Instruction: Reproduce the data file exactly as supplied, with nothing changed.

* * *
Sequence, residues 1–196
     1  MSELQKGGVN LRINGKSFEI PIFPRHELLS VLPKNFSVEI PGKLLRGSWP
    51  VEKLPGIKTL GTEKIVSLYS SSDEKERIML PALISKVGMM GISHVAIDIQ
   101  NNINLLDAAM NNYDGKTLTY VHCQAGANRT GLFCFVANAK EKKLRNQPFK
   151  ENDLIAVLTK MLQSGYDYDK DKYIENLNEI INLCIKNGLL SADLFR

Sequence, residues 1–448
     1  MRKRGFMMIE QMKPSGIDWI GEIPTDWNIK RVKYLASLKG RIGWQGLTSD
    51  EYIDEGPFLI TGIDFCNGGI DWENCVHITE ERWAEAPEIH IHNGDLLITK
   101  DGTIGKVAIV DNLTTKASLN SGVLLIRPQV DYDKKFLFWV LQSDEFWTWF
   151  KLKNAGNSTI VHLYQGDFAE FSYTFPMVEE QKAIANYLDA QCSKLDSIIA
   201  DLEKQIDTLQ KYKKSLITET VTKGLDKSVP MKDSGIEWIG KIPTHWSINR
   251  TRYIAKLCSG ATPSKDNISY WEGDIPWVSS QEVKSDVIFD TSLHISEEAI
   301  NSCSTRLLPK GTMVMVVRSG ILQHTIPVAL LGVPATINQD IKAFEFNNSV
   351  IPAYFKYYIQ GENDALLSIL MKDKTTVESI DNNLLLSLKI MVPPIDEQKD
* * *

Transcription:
Sequence, residues 1–196
     1  MSELQKGGVN LRINGKSFEI PIFPRHELLS VLPKNFSVEI PGKLLRGSWP
    51  VEKLPGIKTL GTEKIVSLYS SSDEKERIML PALISKVGMM GISHVAIDIQ
   101  NNINLLDAAM NNYDGKTLTY VHCQAGANRT GLFCFVANAK EKKLRNQPFK
   151  ENDLIAVLTK MLQSGYDYDK DKYIENLNEI INLCIKNGLL SADLFR

Sequence, residues 1–448
     1  MRKRGFMMIE QMKPSGIDWI GEIPTDWNIK RVKYLASLKG RIGWQGLTSD
    51  EYIDEGPFLI TGIDFCNGGI DWENCVHITE ERWAEAPEIH IHNGDLLITK
   101  DGTIGKVAIV DNLTTKASLN SGVLLIRPQV DYDKKFLFWV LQSDEFWTWF
   151  KLKNAGNSTI VHLYQGDFAE FSYTFPMVEE QKAIANYLDA QCSKLDSIIA
   201  DLEKQIDTLQ KYKKSLITET VTKGLDKSVP MKDSGIEWIG KIPTHWSINR
   251  TRYIAKLCSG ATPSKDNISY WEGDIPWVSS QEVKSDVIFD TSLHISEEAI
   301  NSCSTRLLPK GTMVMVVRSG ILQHTIPVAL LGVPATINQD IKAFEFNNSV
   351  IPAYFKYYIQ GENDALLSIL MKDKTTVESI DNNLLLSLKI MVPPIDEQKD